Bordered citizenship: National identities, transnational lives and the limitation of the UK’s National Citizen Service

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Abstract

This article offers a critical look at the UK Government’s flagship youth citizenship policy the National Citizen Service (NCS). It draws upon contemporary European research, debates and policy agendas around youth democracy and social integration to provide a contextual background for analysing why some EU nation states citizenship programmes fail to reflect young people’s lives today. It asks the question: What type of citizenship model is needed? It argues that there is a disparity between national identity, and the desire of young people to embrace democratic change through non-conventional means. It presents an understanding of youth in late modernity which encompasses global realities, emerging cultural identities to illustrate their role as ‘active citizens’ on their own terms. It appraises the limitations of the current NCS programme and its failure reflect the changing global realities of young people’s lives, transnational and hybrid cultural identities in order to project a ‘cosmopolitan perspective’ on to the latest citizenship debate.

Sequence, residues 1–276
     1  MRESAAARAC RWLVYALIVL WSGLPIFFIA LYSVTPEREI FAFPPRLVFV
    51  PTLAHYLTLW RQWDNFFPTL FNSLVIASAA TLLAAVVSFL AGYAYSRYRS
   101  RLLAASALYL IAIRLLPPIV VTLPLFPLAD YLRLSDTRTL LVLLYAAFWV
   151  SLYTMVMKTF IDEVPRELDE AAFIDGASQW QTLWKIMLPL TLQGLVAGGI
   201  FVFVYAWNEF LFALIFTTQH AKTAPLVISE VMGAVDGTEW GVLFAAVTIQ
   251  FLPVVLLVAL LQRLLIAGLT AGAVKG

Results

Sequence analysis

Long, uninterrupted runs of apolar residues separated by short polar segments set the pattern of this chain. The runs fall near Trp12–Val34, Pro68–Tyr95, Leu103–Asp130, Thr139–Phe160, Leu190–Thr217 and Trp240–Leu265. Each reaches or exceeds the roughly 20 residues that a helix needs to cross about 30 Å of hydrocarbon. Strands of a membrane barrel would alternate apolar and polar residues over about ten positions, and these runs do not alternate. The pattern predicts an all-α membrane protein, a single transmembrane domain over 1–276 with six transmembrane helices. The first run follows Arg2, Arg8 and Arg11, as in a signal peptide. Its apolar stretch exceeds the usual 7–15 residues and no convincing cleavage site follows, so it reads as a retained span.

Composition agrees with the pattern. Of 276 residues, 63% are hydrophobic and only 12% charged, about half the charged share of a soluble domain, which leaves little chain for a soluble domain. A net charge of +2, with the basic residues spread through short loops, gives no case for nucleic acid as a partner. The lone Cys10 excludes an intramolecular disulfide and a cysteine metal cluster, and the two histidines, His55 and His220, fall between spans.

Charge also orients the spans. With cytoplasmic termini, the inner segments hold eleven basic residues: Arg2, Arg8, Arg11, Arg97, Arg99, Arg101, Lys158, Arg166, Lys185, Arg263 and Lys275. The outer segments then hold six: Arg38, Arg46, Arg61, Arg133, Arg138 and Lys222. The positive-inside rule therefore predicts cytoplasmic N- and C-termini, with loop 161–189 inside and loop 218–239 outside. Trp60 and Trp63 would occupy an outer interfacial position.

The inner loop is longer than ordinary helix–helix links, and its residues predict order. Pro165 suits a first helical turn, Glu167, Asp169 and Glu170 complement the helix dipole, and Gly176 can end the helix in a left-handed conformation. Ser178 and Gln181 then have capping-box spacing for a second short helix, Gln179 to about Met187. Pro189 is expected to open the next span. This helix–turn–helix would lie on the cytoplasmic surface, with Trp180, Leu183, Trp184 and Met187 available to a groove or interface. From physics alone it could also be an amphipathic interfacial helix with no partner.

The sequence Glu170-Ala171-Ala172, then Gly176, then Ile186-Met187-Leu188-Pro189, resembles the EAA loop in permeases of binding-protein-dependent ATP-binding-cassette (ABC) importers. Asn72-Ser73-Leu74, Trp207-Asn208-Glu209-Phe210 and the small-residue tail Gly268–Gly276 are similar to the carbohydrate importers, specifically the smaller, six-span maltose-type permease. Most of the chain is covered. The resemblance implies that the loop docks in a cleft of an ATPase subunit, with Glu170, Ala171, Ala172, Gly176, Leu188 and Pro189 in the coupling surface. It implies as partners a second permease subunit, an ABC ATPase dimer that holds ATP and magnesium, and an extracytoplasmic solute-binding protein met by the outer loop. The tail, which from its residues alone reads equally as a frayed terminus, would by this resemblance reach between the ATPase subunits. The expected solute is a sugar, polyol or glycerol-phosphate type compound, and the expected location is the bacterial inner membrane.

Original languageEnglish
Pages (from-to)-
JournalYouth Voice Journal
Publication statusPublished - 2014

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